9. Watch out, your wisdom is showing. You are such a deep thinker. This line stood out to me, “I think true collaboration goes much deeper – it comes from a stance of always questioning our practice: from our foundational ideas,” True collaboration is so rare and so needed.

  10. Tara, what you said rings true to me: “Sometimes, I feel as though our classrooms become echo chambers of our own solitary voices – each teacher trying to figure it all out just for herself or himself within the four walls of our teaching space. ” In the connected educator world, we are trying to move out of the silos of loneliness and collaborate more with others to find hope in what we do, hone our practices, and impact our students’ learning. What you said is powerful in a world filled with dissonance. “That kind of collaboration can be risky, for it takes trust and the willingness to be transparent. And in our current of high stakes evaluations and testing, who wants to take more risks?” If we are to move forward, we have to take risks and these safe blogging environments our feelings can come out. Thanks for expressing what you felt that many teachers are feeling.

  11. My district has a hard time with true collaboration, so this line stuck out for me. “That kind of collaboration can be risky, for it takes trust and the willingness to be transparent.” Wonderful thinking here today Tara. I would come and watch you teach any day! Ahh…the learning that could take place.

  12. What a wonderful opportunity you had to reflect on your practice in real-time with Vicki and other colleagues. It is a critical PD that everyone needs. We actually call our coaching model “job-embedded PD”, because it requires that deep reflection and trust.
    The line that struck me the most:
    true collaboration goes much deeper – it comes from a stance of always questioning our practice.
    This is a true belief of mine as well.

  13. I love your take on the deep level of collaboration. It is definitely risky, and for many it is hard to be vulnerable and dig deep into their own thinking before even sharing it. My job this year is as a coach/mentor for beginning teachers and this is the kind of thinking we are aiming for. But I see so often teachers (new and old) wanting to stay on the surface and deal in those activities and projects…wanting to stay behind their own closed doors. You are so right that we will grow ourselves if we venture out and let others in to question us. Thank you for opening up here.

  14. “Sometimes, I feel as though our classrooms become echo chambers of our own solitary voices – each teacher trying to figure it all out just for herself or himself within the four walls of our teaching space.”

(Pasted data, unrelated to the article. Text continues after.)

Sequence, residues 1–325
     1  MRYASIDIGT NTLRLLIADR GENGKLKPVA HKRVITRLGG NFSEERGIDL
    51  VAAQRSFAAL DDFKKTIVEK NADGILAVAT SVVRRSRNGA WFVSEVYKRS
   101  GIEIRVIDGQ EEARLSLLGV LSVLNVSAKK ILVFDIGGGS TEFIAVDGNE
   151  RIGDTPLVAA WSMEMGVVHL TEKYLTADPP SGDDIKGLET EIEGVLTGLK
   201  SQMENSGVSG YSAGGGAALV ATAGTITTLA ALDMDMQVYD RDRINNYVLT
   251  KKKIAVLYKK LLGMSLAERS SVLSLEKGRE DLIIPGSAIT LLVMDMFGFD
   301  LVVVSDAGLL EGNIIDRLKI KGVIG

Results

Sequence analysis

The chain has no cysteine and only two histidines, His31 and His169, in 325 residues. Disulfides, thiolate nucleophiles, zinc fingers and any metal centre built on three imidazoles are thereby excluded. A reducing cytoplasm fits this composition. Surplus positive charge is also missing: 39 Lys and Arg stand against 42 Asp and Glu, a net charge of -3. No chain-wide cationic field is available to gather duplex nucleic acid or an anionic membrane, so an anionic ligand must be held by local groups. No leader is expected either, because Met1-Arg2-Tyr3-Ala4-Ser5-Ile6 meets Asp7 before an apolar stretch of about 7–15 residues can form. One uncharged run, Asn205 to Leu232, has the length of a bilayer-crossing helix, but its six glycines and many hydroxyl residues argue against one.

I love this line so much, and totally agree with you!

  15. Tara,

    You know you and I feel the same way about this. I do think that a lot of “collaboration” is more surface level (activities, bulletin boards, etc). as you mentioned. And I agree that true collaboration should go deeper. It’s hard for me to understand why it’s so hard for me to find someone to really talk to about teaching when I”m surrounded by teachers. I think time is a big issue, and also the trust that you mentioned. So hard to be vulnerable!

    And so, like you, I’m grateful for my online PLN. How’s this for daydreaming: can you imagine if we could gather all the best from our PLN and all teach at the same school? And, since this is a dream anyway, the school could teleport itself: here in the desert during say, Jan. & Feb., New England in the Fall….!

    Who is Vicki’s teaching team from Cranford? Who are these teachers she’s working with? How is she working with them?

    And how cool that she brought them to your school. No better demonstration classroom!

  16. I definitely relate to this slice. Fortunately, I have been paired with a collaborating teacher this school year for one class period; and the two of us have 65 minutes a day when we can put our heads together and really work with our students. It has been a wonderful experience!

  17. I forget how lucky I am in my role because my job is to work together with teachers, reflecting and collaborating about student growth in real time all the time. Your post reminds me of this. Finding people who will push our practice and take risks along with us is so important in life. I’m happy to learn with you, Tara.

  18. What can I say that hasn’t been said. Thanks for writing such a thought filled post on collaboration. This is what makes you the teacher you are.

  19. Once again, Tara, your wisdom shines through in this post. I’ll be keeping your thoughts about deeper, more meaningful collaboration in mind as I prepare for time to meet with my colleagues this week.

  20. Tara, what you are writing about here are rich and powerful conversations that reflective educators wrap around their important work. Conversations that examine the efficacy of practice. I particularly enjoyed reading,’I think true collaboration goes much deeper – it comes from a stance of always questioning our practice: from our foundational ideas, the stuff that forms the very heart of what we believe teaching to be, to the often shifting and changing landscape of how to best teach our children as we know more about the way they best learn.’
    Your PLN is located in a healthy place with this guiding your practice. Congratulations…

  21. Collaboration, trust, sharing – how necessary for it to happen. I treasured those times when we sat informally in one another’s classrooms and just talked – about issues, concerns – but also laughed and enjoyed each other. I still miss that

  22. This went deep Tara. I couldn’t agree more. My teaching life and my reading life is so much better since I found a collaborative group of people. I wish I had this in my own school. It feels more like a competition instead of a collaborative.

  23. Brilliant thoughts! I am a single section teacher this year, and I’m learning the culture of a new school. I’m not sure if it involves talking about teaching or not. I had this authentic PLC in my old position, but am missing this conversation piece greatly this year. I agree, it is so important to stay reflective and tentative in our teaching. Thank you.